'Go and get it' - Covid survivor's plea amid second jab fears

Chris Richardson, from Norwich, has urged people to get their second dose of the coronavirus vaccine

Chris Richardson, from Norwich, has urged people to get their second dose of the coronavirus vaccine - Credit: Archant/Norfolk and Waveney CCG

A Norwich man who spent seven days in intensive care after contracting coronavirus has urged people to get their second jabs - even if they experienced side-effects from the first.

Chris Richardson, who has type 2 diabetes, says a mild reaction pales in comparison to the potential seriousness of having the virus.

Nurse Maria Alexiou preparing a Covid-19 vaccination

A Covid jab being prepared at Connaught Hall in Attleborough - Credit: Danielle Booden

Worries are growing that patients in Norfolk and Waveney might turn down second doses, which may result in jabs going to waste. 

Health experts have acknowledged that people may experience reactions after receiving injections, including having a sore arm and feeling tired and achey. 

But Mr Richardson, who lives off Dereham Road, believes his own experience could serve as a warning to those hesitant about attending appointments. 

"My partner and I were isolating and I just became delirious," said the 64-year-old.

"A week later I was being taken to hospital. I remember the ambulance coming and asking where I was going and that's about it.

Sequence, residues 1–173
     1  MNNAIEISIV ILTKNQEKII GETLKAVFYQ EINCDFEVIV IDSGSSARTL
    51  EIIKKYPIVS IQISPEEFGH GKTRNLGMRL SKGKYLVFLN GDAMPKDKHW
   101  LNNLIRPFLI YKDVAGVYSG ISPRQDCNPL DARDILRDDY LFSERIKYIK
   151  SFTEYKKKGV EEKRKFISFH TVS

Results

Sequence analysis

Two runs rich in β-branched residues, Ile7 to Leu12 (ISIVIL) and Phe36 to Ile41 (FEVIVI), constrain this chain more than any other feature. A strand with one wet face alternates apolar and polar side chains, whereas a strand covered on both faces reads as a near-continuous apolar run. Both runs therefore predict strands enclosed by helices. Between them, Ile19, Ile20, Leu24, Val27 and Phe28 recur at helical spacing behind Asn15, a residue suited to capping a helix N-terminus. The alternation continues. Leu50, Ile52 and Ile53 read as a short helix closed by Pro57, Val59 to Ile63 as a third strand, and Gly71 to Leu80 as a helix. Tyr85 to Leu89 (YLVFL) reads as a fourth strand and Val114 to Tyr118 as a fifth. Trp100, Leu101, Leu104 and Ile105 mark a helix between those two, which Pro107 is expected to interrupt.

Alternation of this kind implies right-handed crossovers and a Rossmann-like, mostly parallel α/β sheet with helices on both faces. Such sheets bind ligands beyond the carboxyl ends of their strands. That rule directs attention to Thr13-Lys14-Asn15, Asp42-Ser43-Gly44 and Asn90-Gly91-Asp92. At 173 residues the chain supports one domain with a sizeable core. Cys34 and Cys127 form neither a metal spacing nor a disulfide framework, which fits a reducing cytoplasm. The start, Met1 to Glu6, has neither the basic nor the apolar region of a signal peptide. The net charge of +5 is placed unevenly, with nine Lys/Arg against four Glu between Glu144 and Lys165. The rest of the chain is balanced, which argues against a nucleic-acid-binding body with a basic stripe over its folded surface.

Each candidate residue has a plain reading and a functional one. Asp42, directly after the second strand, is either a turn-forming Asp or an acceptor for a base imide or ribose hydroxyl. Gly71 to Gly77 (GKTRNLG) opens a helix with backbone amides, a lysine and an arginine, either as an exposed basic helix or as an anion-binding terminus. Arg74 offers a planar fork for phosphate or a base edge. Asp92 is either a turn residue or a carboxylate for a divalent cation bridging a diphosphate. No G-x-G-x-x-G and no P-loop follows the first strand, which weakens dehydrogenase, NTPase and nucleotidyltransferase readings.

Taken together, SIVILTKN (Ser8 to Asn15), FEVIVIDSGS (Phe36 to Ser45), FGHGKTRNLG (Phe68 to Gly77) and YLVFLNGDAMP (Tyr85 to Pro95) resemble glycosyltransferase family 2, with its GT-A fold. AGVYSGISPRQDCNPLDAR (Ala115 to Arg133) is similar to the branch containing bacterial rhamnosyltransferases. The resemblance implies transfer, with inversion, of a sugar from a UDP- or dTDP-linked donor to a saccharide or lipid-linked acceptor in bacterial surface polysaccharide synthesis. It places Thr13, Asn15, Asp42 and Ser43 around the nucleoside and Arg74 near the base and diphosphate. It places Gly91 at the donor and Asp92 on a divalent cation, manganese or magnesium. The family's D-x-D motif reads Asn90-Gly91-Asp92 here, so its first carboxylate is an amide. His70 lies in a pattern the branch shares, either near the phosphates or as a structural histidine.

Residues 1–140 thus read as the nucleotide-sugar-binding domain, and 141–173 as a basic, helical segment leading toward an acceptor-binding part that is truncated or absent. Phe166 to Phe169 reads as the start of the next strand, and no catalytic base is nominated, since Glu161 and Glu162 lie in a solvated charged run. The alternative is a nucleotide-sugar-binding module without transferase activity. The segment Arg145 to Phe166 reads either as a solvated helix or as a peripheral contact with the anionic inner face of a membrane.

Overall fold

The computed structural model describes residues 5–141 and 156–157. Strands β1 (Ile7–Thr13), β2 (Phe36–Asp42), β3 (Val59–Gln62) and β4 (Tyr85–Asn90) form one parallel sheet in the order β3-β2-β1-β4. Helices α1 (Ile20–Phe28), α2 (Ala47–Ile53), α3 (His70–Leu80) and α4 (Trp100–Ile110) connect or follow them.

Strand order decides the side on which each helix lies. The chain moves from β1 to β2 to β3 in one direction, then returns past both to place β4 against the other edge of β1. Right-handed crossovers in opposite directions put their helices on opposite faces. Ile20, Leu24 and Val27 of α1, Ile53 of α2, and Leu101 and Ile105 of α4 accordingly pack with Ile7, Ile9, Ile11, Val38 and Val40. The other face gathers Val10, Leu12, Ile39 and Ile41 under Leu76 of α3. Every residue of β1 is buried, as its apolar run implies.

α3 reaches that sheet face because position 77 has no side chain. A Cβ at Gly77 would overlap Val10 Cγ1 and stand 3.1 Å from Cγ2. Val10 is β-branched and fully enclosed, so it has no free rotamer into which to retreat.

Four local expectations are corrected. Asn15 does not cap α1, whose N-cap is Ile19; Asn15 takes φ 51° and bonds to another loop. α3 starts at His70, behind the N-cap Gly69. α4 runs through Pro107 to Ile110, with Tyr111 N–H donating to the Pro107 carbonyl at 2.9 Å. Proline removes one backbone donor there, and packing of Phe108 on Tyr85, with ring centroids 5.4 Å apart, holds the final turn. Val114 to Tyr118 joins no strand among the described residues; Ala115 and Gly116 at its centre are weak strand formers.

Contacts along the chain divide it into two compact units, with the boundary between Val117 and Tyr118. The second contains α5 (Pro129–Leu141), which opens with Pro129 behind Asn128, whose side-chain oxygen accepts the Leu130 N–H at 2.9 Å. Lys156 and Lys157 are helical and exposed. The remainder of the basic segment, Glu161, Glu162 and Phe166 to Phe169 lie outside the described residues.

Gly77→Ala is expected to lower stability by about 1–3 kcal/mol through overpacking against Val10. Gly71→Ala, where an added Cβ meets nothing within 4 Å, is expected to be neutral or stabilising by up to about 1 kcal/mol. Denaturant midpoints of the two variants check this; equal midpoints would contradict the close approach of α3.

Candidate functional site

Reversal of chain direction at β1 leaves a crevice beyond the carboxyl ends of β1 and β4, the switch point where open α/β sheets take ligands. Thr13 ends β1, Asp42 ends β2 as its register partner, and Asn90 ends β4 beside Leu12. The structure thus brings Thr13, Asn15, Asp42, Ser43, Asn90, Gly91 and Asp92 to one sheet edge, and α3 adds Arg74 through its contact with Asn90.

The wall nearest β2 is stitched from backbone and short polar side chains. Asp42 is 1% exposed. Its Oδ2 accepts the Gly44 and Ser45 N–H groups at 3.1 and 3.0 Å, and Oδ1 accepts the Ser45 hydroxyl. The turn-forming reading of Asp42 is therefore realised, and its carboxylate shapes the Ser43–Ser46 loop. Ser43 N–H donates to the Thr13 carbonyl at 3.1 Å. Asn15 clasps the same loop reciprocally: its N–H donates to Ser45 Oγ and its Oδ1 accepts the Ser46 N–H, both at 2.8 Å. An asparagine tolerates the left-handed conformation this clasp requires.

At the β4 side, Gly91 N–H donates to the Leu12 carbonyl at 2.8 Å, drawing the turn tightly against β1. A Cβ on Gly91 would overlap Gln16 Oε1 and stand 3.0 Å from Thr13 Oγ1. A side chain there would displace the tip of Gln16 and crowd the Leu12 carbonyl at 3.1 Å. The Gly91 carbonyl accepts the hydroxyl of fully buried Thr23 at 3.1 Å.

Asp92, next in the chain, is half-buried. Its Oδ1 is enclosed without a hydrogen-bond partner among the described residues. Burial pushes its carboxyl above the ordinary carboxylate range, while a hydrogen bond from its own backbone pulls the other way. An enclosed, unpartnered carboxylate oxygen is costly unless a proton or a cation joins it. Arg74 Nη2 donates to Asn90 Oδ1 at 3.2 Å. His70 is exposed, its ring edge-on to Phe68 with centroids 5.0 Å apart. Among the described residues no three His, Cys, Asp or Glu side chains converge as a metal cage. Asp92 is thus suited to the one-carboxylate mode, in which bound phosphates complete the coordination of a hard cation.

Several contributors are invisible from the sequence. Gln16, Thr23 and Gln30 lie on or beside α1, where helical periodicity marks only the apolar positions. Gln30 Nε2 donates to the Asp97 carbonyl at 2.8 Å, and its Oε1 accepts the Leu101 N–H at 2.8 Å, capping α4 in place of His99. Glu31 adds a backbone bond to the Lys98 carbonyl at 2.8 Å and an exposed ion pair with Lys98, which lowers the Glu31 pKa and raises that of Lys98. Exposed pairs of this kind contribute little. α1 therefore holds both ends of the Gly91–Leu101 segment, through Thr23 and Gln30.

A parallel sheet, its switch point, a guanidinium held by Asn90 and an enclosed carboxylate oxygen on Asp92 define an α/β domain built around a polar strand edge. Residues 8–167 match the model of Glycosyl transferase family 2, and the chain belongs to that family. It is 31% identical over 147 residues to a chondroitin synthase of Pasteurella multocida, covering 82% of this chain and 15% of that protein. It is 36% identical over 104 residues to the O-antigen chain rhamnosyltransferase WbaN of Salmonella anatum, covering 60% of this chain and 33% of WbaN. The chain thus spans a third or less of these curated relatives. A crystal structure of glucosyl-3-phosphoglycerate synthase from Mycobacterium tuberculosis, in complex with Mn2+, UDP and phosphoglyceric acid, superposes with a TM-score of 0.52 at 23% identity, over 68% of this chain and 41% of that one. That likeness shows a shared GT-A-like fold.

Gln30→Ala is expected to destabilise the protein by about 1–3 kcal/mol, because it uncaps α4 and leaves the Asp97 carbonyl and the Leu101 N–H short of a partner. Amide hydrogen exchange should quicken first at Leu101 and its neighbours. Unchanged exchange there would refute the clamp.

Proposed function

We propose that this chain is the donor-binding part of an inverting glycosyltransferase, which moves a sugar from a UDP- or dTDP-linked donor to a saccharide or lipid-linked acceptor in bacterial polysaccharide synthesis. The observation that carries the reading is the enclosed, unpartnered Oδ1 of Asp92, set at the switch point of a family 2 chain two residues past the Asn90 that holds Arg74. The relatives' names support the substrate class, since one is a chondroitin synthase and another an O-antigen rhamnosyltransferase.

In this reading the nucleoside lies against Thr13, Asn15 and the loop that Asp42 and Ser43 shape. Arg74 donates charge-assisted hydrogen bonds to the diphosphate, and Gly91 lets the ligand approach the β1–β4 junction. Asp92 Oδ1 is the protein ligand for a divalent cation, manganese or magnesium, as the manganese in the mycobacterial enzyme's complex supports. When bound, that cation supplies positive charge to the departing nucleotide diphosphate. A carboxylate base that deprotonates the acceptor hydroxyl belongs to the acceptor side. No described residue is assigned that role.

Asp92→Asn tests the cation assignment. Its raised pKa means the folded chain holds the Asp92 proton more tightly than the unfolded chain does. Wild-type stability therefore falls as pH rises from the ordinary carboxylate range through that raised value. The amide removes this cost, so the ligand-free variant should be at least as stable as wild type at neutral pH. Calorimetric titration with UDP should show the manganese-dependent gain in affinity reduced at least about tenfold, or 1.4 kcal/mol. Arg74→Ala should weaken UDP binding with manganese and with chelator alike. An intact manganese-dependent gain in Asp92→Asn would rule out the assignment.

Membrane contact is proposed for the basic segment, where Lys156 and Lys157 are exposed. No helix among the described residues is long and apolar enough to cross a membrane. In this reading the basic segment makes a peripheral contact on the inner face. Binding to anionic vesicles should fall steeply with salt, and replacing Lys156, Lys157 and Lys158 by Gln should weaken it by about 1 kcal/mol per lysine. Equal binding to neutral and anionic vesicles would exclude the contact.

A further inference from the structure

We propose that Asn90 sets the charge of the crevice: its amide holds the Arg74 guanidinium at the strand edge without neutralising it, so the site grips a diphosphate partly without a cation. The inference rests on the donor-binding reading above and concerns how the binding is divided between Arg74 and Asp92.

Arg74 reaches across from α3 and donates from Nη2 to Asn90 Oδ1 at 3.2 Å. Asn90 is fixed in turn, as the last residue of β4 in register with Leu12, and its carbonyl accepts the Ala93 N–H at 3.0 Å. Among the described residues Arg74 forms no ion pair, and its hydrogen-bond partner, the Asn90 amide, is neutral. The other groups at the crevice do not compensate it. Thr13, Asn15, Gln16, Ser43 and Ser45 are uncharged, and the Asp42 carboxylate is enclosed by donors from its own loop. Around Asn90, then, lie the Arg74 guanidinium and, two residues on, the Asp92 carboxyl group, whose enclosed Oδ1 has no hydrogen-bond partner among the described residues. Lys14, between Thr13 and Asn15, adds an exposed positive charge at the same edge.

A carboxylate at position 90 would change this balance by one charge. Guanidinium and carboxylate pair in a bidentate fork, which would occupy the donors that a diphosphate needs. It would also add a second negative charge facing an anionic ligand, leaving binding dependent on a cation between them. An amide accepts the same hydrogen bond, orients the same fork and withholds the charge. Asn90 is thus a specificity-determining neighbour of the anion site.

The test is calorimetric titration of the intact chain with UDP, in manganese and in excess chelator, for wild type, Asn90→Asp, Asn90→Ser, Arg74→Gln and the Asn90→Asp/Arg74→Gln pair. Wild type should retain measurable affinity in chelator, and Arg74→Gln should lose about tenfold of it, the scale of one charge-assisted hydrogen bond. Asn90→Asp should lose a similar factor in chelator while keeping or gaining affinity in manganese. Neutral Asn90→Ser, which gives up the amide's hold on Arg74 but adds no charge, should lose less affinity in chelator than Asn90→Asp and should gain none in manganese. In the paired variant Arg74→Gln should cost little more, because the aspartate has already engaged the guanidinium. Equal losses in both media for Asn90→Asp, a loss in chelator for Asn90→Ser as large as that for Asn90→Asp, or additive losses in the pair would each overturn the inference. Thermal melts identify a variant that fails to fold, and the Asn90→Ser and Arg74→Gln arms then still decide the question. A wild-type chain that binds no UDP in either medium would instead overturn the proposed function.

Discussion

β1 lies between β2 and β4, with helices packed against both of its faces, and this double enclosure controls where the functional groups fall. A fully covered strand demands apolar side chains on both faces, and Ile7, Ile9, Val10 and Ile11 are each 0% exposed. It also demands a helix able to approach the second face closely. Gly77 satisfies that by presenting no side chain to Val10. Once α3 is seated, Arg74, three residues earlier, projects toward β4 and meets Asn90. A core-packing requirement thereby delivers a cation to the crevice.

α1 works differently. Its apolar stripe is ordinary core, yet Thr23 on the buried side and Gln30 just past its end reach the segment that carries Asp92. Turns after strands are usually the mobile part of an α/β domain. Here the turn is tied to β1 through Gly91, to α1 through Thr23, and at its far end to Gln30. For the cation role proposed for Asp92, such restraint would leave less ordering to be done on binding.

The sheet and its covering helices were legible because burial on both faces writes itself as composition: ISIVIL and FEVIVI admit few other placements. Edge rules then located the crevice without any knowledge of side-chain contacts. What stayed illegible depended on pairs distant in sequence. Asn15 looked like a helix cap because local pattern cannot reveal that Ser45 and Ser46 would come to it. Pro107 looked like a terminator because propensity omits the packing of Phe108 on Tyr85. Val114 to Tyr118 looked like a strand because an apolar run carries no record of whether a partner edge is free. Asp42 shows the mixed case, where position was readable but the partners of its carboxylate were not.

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"In intensive care, day and night just merged into one. I wouldn't wish it on anybody."

Chris Richardson, from Norwich, has urged people to get their second dose of the coronavirus vaccine

Chris Richardson, from Norwich, has urged people to get their second dose of the coronavirus vaccine - Credit: Norfolk and Waveney CCG

Now on the road to recovery, Mr Richardson has had his first jab and is booked in for a second. 

The retired factory worker has encouraged anyone reluctant about getting the vaccine to think again. 

"For me, the jab was a little bit sore in the arm but that's it," he added. "My partner hates needles and she didn't even notice it was done. 

The Corn Exchange in King's Lynn is now being used as a Covid-19 Vaccination Centre. Picture: Ian Bu

The entrance to the large-scale Covid vaccination centre at King's Lynn Corn Exchange - Credit: Ian Burt

"Just go and get the vaccine, for your own safety and for others. The more people who do it, the sooner we'll get back to normality."

As the rollout continues and an increasing number are called in for second shots, health officials are keen to stress the importance of having full protection. 

Dr Anoop Dhesi, chairman of Norfolk and Waveney CCG, said: “The vaccines have been through extensive testing and are safe, but one dose won’t give you full protection. 

North Norfolk Clinical Commissioning Group chairman Anoop Dhesi was the best paid CCG chair in Norfo

Dr Anoop Dhesi, chairman of Norfolk and Waveney CCG - Credit: Archant

"It’s vital people attend their second dose appointment so they are as protected as possible from serious Covid-related illness. We know protection lasts for much longer with both doses.

"Some patients have said they don’t like the possible side-effects, but these tend to be mild and last only a day or two at the most. They might be annoying, but are much better than the alternative."

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